New York City’s next mayor will have plenty to keep him or her busy when it comes to affordable housing and new residential development.
While Mayor Michael Bloomberg’s New Housing Marketplace initiative boosted investment in affordable housing, the expiration of subsidies for 8,500 affordable units per year — starting in 2017 as short-term limits expire — is raising questions about long-term affordable housing options.
“The city cannot continue to give developments public financing, zoning or tax incentives if they do not produce permanently affordable units,” Barika Williams, policy director at the Association for Neighborhood and Housing Development, wrote in a New York Times discussion. “We should return to the Koch model of working with community-based nonprofit developers who achieve long-term affordability and provide the greatest neighborhood benefit.”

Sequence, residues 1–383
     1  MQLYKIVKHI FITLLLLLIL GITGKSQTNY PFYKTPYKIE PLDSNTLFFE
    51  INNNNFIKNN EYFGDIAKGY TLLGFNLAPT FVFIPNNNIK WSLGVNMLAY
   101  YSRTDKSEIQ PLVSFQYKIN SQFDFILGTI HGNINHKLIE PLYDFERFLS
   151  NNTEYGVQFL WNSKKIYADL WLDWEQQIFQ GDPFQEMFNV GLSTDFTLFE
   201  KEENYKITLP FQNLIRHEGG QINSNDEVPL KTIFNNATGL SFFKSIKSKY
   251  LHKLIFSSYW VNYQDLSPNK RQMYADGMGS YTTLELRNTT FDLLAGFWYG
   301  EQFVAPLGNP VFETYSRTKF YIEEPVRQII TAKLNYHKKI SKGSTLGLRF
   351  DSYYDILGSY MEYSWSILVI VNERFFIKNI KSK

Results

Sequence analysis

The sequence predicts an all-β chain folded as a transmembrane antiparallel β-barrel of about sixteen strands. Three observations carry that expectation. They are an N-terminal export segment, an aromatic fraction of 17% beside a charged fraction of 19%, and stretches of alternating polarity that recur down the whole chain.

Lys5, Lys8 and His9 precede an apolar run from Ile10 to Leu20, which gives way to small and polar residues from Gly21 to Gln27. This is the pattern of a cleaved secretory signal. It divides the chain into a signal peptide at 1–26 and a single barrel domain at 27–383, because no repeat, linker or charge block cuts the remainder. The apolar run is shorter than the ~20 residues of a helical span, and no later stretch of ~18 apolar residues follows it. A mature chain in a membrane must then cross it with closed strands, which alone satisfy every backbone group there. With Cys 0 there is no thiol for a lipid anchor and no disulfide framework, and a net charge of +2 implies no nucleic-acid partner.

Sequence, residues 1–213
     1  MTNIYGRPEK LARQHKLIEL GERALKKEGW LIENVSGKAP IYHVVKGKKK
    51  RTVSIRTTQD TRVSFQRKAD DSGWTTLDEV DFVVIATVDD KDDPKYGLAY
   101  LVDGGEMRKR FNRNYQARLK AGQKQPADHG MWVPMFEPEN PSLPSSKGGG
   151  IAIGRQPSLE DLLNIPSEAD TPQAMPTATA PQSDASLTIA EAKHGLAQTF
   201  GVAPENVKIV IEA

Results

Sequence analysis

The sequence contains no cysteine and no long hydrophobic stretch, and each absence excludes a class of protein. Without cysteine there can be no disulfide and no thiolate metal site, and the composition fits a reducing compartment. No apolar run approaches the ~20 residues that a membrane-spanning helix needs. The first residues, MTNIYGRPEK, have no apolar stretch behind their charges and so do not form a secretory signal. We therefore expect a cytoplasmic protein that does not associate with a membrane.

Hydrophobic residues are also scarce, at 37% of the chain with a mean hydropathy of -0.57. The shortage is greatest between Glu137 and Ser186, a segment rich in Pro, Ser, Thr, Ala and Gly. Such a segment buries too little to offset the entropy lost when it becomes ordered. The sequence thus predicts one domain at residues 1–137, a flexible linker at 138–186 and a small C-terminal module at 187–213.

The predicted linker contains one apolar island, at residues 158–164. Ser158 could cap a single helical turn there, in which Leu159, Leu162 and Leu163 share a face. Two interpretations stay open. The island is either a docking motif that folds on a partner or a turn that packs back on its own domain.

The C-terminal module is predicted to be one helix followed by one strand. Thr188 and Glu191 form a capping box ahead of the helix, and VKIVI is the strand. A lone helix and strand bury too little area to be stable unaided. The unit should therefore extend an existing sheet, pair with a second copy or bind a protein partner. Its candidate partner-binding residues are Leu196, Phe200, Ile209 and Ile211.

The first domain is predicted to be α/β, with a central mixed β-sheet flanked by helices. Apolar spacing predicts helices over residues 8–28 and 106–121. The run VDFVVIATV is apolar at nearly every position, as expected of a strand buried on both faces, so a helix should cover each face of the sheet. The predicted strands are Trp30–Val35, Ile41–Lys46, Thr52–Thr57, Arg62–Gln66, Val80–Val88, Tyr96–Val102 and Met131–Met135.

One possible solution, according to discussion participant and Regional Plan Association fellow Julia Vitullo-Martin, is to increase the city’s limited supply of space by focusing on transit-oriented development. She opined that Bloomberg’s wide swathes of rezoned sections, particularly along the “formerly derelict” waterfront, were a step in the right direction. Ranking neighborhoods by concentration of transit would provide an analysis of which areas can best absorb the most new development, she wrote.
“The point is to create a device to capture part of the profits of development to improve the neighborhood being developed, and to relieve pressure elsewhere, even helping to save historic sections of the city,” Vitullo-Martin wrote. [NYT] — Julie Strickland